As an HSP (Highly Sensitive Person) I often find the world overwhelming. Sometimes I think it would have been good to live long ago before television and the internet, and the crazy thing that is social media, were invented. But I’m equally aware that not having things like antibiotics and antibacterial soap and clean water and refrigerators and washing machines and indoor loos and central heating would have been overwhelming too.
Still… switching off and getting away from social media, which I find particularly challenging, is difficult (and yes, I am aware of the irony that I’ll probably be using social media to let people know about this post!). But what I find particularly difficult about social media is its speed, and the ferocity of people’s (almost instantaneous) reactions to certain topics.
This is because it takes me a long time to process things. If I see an image, or a discussion that upsets me, or angers me, I become overwhelmed with emotion. That’s when I need to take time out, away from the computer and to do something that helps me to feel more calm (cuddling my loved ones, taking a walk, reading a book, or doing something dull like the accounting, all help. Also, talking about it with my wonderful husband helps enormously too). But it can take me a while, maybe half an hour or an hour or two, to feel more neutral again. Meanwhile, though, as I’m trying to calm the storm of feelings swirling through my body, my brain is whirring away and trying to process what I’ve just absorbed. It can take me days, weeks, months even, to fully reflect on what I’ve just seen and to put into words my reflections on the matter. And for the up-to-the-minute social media world that’s just way too late.
I’m still navigating a path through this everyday challenge. I want to be involved and comment on friends’ statuses and to take part in meaningful dialogue when it comes to issues that I feel passionate about, but I’m also aware that taking part can also be like entering a black hole of doom. I have had to acknowledge that, for much of the time, it is better for my wellbeing that I simply use social media for short, set tasks (mostly to do with my small press or to do with this blog). Very occasionally, I share things about myself; although I do find that overwhelming too. (Friends have been absolutely supportive when I have shared personal things online but it’s also interesting to note that kindness has the potential to overwhelm me also – but please don’t think I’m saying ‘don’t be kind’! What I’m saying is that virtually anything has the potential to overwhelm me, and hey, that’s just how I am.)
If I’m still reflecting on an issue months down the line writing about it helps; though whether it goes public or not is another matter… Though, interestingly, topics that I’m passionate about have a habit of cropping up in my short stories and other pieces.
A lot of the time I feel left behind by social media; rather like when I was doing cross-country running at middle school. I was the slowest of all the runners out there on the muddy school field, in the cold and the rain in inadequate shoes and clothes; a dripping wet chubby loser being lapped by the fast, athletic kids.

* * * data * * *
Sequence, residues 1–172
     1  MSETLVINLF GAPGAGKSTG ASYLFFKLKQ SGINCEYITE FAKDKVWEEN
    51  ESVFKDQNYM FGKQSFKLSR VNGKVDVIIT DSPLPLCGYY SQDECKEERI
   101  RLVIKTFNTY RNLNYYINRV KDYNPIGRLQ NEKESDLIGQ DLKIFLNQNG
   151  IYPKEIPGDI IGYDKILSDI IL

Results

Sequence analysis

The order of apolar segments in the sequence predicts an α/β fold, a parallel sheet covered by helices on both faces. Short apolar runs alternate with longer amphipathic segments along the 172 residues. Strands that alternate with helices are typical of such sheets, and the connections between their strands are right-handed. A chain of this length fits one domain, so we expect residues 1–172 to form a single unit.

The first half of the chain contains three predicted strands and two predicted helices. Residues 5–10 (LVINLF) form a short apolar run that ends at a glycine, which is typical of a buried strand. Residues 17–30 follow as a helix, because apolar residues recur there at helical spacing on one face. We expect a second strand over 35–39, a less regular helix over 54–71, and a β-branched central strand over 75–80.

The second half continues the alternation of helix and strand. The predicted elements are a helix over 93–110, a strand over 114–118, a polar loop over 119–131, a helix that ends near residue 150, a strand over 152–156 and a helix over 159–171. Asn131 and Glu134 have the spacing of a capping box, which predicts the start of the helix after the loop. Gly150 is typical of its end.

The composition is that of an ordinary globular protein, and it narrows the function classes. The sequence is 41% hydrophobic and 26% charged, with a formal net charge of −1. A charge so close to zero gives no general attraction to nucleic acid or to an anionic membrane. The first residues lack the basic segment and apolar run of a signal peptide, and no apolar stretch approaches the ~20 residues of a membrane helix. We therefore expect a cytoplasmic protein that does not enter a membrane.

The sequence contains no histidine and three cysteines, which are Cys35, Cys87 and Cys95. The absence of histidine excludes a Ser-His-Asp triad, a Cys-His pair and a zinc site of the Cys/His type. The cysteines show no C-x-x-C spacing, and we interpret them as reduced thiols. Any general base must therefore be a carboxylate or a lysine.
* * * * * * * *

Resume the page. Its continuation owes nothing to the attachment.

But this is who I am. Just because I’m not witty or quick to engage in dialogue doesn’t mean that my thoughts on the topic aren’t worthwhile. They’re just different; perhaps even a little more well-rounded for the extra reflection I’ve put into them.*
But knowing that I have to have boundaries in place when it comes to social media (and that perhaps it’s not quite the right medium for me, as an HSP) is beneficial. Yes, social media is an amazing tool for a variety of things: marketing (& other business-related stuff, for instance), story sharing, fundraising, activism even, but it is also a horrible time sink. And in author David Mitchell’s wise words:
The world is very good at distracting us. Much of the ingenuity of our remarkable species goes towards finding new ways to distract ourselves from things that really matter. The internet — it’s lethal, isn’t it? Maintaining focus is critical, I think, in the presence of endless distraction. You’ve only got time to be a halfway decent parent, plus one other thing.
For me, that one other thing is: I’ve got to be writing.
This totally chimes with me because I want to put a lot of my energy and time into being ‘a halfway decent parent’ and so there’s only time and energy for one other thing. At the moment the one other thing is my small press and helping to make ends meet by taking on editorial and book production work. And so I save a few gorgeous slivers betwixt being a halfway decent parent and a halfway decent editor/publisher to write or create art. Is it worth me spending all those precious slivers of time on social media? For a lot of the time the answer is no. And sometimes, occasionally, the answer is yes. The trick is to understanding how social media affects you and working out some effective boundaries. This is something I’m still learning.
*And to continue with the cross-country running analogy… I might be the last one to the finishing line but still, I’ll get there at my own pace and in my own inimitable fashion (muddy briefs and all).
Thanks again to Maddy (who wrote brilliantly on a similar topic last week) and Chrissie for being such great #WhatI’mWriting hosts.